Energy transduction and signal transduction are important processes in all biological systems, and nature often makes use of retinal pigments (rhodopsins) in these capacities. In the vertebrate visual pigments, and in the phototactic pigments of unicellular organisms, incident light precipitates a biological response. An obviously important feature of these membrane proteins is their wavelength discrimination. In other rhodopsins, found in primitive bacteria, incident light is converted into electrochemical energy. The central feature of these membrane proteins is a photocycle in which ion discharge and uptake occur on opposite sides of the membrane. Because of its relatively accessibility and stability, bacteriorhodopsin (bR), from the Halobacterium halobium, is an ideal system for studying both wavelength regulation and ion transport. Solid state NMR and FTIR difference spectroscopy are to used as non-perturbative probes. Samples will be isotopically enriched at specific sites to enhance NMR signals of interest, suppress interfering NMR signals, and induce informative shifts in vibrational frequencies. FTIR and NMR will be used to study the labeled samples in the resting state and in the early photocycle intermediates. NMR will also be used to study wavelength perturbed states, to follow ion movement in the protein, and to measure changes in the distances between groups and their relative orientations. The interpretation of the spectra will be based on model compound studies and on theoretical calculations. In addition to elucidating the properties of this light driven system, it is hoped that the results of this study will help to provide a conceptual frame work for understanding other, chemically driven, energy and signal transducing membrane proteins. Information about such proteins is ultimately important to our understanding of normal and pathological cell regulation and function.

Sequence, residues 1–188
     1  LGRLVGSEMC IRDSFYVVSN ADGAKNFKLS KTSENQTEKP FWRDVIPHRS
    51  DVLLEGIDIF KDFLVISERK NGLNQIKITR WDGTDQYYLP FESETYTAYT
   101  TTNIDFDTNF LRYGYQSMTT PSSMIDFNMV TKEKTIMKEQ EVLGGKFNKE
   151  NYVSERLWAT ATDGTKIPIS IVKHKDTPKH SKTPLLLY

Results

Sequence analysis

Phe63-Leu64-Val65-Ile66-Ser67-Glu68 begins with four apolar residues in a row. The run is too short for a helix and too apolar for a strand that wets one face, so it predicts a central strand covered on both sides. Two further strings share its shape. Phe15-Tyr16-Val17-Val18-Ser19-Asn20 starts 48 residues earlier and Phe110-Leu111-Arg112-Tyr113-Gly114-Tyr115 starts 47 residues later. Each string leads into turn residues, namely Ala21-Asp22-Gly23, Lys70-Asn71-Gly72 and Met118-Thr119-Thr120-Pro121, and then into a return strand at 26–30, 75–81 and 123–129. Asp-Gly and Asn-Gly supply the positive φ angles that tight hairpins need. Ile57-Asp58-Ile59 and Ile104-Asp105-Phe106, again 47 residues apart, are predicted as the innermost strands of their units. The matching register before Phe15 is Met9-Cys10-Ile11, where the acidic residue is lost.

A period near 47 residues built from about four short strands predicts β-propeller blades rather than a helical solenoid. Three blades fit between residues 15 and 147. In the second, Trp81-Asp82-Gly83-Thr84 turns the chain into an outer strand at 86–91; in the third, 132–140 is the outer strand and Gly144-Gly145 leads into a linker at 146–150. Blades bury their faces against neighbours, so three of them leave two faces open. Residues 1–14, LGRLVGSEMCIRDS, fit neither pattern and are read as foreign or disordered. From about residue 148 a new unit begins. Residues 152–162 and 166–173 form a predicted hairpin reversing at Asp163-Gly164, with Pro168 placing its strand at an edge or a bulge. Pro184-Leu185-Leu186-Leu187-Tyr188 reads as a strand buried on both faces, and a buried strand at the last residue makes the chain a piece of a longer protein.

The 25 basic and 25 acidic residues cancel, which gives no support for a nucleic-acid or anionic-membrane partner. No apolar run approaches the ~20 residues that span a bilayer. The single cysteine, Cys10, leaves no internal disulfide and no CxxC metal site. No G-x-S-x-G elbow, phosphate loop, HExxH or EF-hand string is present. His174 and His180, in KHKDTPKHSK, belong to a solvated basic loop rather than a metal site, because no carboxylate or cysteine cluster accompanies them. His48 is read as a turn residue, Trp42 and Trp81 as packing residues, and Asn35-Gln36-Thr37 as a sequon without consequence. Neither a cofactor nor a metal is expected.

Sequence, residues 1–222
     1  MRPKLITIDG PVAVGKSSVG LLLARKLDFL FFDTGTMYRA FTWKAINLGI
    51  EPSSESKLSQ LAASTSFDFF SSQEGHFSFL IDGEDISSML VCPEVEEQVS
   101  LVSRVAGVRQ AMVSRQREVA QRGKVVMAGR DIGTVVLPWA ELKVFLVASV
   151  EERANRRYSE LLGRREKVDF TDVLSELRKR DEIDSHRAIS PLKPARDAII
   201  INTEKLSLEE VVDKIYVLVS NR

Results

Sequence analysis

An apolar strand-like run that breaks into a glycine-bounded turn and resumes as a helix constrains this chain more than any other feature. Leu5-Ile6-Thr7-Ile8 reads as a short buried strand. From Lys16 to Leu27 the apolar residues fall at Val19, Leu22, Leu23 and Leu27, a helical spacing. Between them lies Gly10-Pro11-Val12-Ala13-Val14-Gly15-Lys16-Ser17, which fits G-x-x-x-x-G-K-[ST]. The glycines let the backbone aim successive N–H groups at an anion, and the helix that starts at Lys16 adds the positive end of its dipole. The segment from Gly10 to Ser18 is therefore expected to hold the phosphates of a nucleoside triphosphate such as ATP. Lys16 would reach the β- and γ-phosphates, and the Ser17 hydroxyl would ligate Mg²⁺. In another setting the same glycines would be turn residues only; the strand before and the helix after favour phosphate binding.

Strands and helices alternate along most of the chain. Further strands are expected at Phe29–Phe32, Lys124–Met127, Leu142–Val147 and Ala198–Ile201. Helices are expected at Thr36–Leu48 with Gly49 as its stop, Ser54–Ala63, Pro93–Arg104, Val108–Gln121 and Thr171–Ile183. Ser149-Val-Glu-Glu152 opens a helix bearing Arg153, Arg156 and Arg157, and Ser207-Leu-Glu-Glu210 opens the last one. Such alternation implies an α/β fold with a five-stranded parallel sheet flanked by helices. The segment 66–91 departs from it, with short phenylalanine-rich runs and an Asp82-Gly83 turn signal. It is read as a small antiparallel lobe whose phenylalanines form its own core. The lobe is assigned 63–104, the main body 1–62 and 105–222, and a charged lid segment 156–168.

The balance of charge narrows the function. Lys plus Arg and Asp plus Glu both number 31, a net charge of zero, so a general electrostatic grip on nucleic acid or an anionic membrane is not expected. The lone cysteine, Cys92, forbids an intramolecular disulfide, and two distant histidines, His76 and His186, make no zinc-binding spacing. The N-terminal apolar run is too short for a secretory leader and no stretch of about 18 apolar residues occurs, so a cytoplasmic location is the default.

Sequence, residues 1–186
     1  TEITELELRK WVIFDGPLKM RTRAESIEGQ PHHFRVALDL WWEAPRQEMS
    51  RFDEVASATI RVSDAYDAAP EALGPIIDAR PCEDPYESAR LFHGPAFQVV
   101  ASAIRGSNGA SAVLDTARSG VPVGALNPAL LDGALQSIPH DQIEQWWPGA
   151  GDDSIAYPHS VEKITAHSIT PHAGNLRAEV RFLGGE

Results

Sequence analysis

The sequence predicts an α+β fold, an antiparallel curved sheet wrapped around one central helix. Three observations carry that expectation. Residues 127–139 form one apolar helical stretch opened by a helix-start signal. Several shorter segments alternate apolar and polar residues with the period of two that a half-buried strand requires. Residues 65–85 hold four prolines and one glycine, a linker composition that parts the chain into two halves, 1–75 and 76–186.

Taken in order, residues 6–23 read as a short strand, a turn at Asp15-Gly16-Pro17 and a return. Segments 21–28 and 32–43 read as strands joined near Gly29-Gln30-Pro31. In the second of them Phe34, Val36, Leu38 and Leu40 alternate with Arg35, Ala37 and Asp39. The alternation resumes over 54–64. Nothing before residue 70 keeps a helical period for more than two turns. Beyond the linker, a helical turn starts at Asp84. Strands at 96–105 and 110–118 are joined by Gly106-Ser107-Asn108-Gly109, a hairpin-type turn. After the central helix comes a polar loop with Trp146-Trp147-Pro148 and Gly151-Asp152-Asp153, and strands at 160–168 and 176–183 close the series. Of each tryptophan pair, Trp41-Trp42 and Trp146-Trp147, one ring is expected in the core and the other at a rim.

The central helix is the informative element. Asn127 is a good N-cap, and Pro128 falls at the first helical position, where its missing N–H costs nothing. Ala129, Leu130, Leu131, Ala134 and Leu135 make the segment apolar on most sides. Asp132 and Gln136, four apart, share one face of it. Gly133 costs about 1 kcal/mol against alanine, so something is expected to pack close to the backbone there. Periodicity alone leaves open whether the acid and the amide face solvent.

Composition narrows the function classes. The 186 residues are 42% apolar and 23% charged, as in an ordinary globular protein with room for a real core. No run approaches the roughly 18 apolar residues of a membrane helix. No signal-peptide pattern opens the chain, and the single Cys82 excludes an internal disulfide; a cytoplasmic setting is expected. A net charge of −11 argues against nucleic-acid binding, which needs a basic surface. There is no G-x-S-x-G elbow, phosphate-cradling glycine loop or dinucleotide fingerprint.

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Molecular and Cellular Biophysics Study Section (BBCA)
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Brandeis University
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